AMARILLO, Texas — I cannot get past a bit of body language I observed Tuesday night at the Amarillo Independent School District Board of Trustees meeting.
I watched several AISD constituents stand before the board to offer public comment on the issue that brought them to the school district board room in the first place. They sought to speak to the board about the sudden and shocking resignation of Kori Clements, the head volleyball coach at Amarillo High School. Clements quit citing pressure she received from an AISD parent who didn’t like the lack of playing time her daughter was getting from the coach.
Some of the constituents who stood before the board spoke in tones that reminded me of a scolding you would get from your mom or dad. Many of the trustees never looked up from the dais where they sitting. They didn’t look their scolding constituents in the eye.
When Mom chewed me out when I was a kid, she usually would instruct me to “look at me when I’m talking to you!” I also had this annoying tendency to smirk when Mom scolded me, which prompted her to tell me to “wipe that smirk off your face or else I’ll wipe it off for you.”
My point is that Mom demanded respect when she thought I messed up. I needed to show that respect by looking her in the eye.
I couldn’t help but think of what an AISD constituent might have said to trustees — particularly the one trustee who is believed to be the cause for Coach Clements’ resignation — while he or she was lecturing the board about the merits of offering total support for the school district’s educators.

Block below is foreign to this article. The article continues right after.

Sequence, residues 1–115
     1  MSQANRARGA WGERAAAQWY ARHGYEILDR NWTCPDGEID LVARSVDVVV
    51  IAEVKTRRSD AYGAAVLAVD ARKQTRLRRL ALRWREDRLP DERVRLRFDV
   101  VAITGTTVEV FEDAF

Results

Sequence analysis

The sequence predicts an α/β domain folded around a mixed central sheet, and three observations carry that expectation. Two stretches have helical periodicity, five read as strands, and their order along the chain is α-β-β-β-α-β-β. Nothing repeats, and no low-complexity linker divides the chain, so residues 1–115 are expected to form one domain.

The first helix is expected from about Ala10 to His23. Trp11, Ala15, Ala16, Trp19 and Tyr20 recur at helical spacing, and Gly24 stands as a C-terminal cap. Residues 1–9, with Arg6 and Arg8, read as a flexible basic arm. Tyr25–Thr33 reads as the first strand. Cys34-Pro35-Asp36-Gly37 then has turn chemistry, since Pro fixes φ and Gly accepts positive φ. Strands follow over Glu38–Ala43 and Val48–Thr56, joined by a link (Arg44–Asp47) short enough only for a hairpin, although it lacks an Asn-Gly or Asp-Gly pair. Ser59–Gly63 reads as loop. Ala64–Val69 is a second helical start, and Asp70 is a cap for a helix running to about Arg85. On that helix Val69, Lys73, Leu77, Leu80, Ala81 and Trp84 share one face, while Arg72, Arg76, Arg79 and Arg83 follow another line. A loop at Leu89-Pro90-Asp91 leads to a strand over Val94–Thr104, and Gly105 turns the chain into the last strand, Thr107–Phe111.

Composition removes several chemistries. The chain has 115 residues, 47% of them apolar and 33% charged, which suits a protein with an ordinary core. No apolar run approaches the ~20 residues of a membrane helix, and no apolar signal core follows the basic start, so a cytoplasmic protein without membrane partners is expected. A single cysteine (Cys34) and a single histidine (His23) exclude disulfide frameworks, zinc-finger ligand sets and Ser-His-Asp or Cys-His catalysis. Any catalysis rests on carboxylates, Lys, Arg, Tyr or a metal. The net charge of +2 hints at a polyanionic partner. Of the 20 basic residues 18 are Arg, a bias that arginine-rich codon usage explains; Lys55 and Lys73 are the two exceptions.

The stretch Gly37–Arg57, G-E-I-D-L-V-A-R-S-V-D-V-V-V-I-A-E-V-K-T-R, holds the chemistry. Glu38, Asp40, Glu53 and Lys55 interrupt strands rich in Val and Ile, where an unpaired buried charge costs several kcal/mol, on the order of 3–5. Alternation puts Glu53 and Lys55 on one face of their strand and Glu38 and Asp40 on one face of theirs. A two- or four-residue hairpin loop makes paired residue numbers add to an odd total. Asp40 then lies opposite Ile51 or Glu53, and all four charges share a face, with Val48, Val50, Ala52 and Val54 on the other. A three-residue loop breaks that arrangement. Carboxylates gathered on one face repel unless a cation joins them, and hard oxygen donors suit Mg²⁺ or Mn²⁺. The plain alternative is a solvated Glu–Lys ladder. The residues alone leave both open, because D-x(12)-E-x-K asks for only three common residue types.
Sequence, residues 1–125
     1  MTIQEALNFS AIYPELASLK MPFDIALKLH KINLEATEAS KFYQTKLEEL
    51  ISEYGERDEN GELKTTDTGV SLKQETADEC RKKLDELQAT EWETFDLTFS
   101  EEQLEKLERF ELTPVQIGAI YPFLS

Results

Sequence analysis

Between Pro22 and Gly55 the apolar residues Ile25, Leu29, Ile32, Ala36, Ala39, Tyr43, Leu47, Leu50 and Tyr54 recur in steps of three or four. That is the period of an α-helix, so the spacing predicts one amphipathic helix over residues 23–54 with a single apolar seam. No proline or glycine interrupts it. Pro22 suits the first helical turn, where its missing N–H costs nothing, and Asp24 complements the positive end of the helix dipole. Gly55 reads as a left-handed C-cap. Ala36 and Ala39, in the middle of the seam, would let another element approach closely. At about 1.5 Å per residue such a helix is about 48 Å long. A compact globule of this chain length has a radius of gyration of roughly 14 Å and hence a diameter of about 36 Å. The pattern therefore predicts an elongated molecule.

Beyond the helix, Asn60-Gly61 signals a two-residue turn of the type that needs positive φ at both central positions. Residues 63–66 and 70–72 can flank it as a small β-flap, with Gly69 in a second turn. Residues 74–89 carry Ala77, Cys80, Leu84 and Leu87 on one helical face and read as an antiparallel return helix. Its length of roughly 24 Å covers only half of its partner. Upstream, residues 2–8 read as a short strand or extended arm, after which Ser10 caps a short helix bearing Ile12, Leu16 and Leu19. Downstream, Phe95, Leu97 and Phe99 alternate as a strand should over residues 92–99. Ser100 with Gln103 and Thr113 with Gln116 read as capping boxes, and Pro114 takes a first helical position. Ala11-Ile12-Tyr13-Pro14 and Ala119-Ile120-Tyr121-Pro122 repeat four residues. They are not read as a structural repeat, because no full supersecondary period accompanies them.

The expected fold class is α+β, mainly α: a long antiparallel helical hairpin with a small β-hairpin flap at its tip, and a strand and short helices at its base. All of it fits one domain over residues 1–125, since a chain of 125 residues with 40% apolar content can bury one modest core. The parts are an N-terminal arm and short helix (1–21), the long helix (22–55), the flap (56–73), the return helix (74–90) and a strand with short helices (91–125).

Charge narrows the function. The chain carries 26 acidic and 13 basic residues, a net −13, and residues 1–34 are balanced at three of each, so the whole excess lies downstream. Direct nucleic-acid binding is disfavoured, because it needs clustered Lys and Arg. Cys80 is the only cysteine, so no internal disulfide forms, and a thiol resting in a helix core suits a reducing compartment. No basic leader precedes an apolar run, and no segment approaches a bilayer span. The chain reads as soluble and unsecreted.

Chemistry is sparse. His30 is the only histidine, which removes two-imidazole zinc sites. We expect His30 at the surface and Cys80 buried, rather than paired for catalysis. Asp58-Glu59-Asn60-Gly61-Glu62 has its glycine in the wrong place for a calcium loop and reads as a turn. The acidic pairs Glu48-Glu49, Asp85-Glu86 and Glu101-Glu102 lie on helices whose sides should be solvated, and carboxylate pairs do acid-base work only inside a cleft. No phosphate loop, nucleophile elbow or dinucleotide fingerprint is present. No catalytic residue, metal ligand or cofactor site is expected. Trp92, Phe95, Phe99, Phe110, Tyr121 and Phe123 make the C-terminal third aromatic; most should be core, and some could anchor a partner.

It might go something like this: Ladies and gentlemen of the board, I am here to talk to you tonight about the resignation of a highly respected coach who has stated that she didn’t get the support she deserved from the board and the administration. She said she was pressured to do the “politically correct” thing . . .
Oh, and by the way, I would appreciate it very much, board members, if you would look at me while I am talking to you. This is serious stuff and I think you owe it to me — as a taxpaying constituent whose money pays for this school system — to look me in the eye while I am addressing you.
I would bet you real American money that constituent would have received a standing ovation from the crowd that had crammed into the meeting room.
The trustees — especially the one who is believed to have pressured Kori Clements to quit her job after one season — most surely could have shown their “bosses” more respect than they did Tuesday night.
How? Just look ’em in the eye when they’re speaking!